It’s Monday. This Monday was an inverse of Friday.

Now I know that many people consider Mondays to be the inverse of Fridays in general—you know, the mood, the spirit of the day. But this particular Monday was literally the inverse of the previous Friday. On Friday I travelled from Brighton to Bulgaria. Today was the reverse. I began the day in a hotel room in Sofia and ended it safely ensconced back home in Brighton.

Car; plane; plane; car.

Once again there was a layover in Frankfurt—just enough time to enjoy some currywurst and pommes between flights.

100 words 028

The Thracians were one of the first peoples to settle in Bulgaria.

The Romans arrived in the first century.

Four centuries later, Bulgaria became part of the Byzantine empire.

From the fourteenth century onward, the country was part of the Ottoman empire.

That lasted until the end of the nineteenth century, when the country was liberated by Russia.

At this point for some reason, the Bulgarians thought they ought to have a monarchy.

That whole monarchy thing only lasted until the end of the second world war. Then they gave communism a whirl.

Finally they got with the democracy programme.

100 words 026

Today was a travel day. It began in Brighton and ended in Bulgaria.

Jessica and I were up early to make the trip to Heathrow. From there we took a flight to Frankfurt, where we killed time waiting for our next flight. Despite having a three hour layover, we still ended up rushing to the gate—I blame the lack of signage and wayfinding in the airport.

From Frankfurt we flew to Sofia. With each leg of our journey, we set our clocks forward. Now we are two timezones away from where we started the day.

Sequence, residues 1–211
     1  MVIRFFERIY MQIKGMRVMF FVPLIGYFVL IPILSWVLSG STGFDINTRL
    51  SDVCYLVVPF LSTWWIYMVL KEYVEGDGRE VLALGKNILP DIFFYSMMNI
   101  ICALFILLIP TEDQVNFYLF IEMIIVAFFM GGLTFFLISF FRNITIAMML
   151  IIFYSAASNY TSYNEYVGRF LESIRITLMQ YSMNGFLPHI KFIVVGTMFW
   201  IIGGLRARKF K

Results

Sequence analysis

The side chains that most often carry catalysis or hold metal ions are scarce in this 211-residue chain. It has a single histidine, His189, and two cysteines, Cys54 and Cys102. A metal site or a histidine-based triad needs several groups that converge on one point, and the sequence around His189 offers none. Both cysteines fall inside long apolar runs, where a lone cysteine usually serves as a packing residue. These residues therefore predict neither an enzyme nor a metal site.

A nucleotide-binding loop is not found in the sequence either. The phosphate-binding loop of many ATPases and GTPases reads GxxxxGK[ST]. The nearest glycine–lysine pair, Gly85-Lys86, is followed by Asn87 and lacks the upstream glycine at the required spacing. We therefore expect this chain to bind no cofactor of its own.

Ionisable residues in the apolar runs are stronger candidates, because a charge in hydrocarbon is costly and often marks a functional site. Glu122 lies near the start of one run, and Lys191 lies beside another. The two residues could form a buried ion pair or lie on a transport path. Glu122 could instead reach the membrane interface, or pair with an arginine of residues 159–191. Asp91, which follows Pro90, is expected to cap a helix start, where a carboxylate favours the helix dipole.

Tomorrow: Bulgaria Web Summit.

The main issue

The inclusion of a main element in HTML has been the subject of debate for quite a while now. After Steve outlined the use cases, the element has now landed in the draft of the W3C spec. It isn’t in the WHATWG spec yet, but seeing as it is being shipped in browsers, it’s only a matter of time.

But I have some qualms about the implementation details so I fired off an email to the HTML working group with my concerns about the main element as it is current specced.

I’m curious as to why its use is specifically scoped to the body element rather than any kind of sectioning content:

Authors must not include more than one main element in a document.

I get the rationale behind the main element: it plugs a gap in the overlap between native semantics and ARIA landmark roles (namely role="main"). But if you look at the other elements that map to ARIA roles (header, footer, nav), those elements can be used multiple times in a single document by being scoped to their sectioning content ancestor.

Let’s say, for example, that I have a document like this, containing two header elements:

 <header>Page header</header>
 Page main content starts here
  <header>Section header</header>
  Section main content
 Page main content finishes here

…only the first header element (the one that’s scoped to the body element) will correspond to role="banner", right?

Similarly, in this example, only the final footer element will correspond to role=”contentinfo”:

 <header>Page header</header>
 Page main content starts here
  <header>Section header</header>
  Section main content
  <footer>Section footer</footer>
 Page main content finishes here
 <footer>Page footer</footer>

So what I don’t understand is why we can’t have the main element work the same way i.e. scope it to its sectioning content ancestor so that only the main element that is scoped to the body element will correspond to role="main":

 <header>Page header</header>
  Page main content starts here
   <header>Section header</header>
   <main>Section main content</main>
   <footer>Section footer</footer>
  Page main content finishes here
 <footer>Page footer</footer>

Here are the corresponding ARIA roles:

 <header>Page header</header> <!-- role="banner" -->
 <main>Page main content</main> <!-- role="main" -->
 <footer>Page footer</footer> <!-- role="contentinfo" -->

Why not allow the main element to exist within sectioning content (section, article, nav, aside) the same as header and footer?

 <header>Section header</header> <!-- no corresponding role -->
 <main>Section main content</main> <!-- no corresponding role -->
 <footer>Section footer</footer> <!-- no corresponding role -->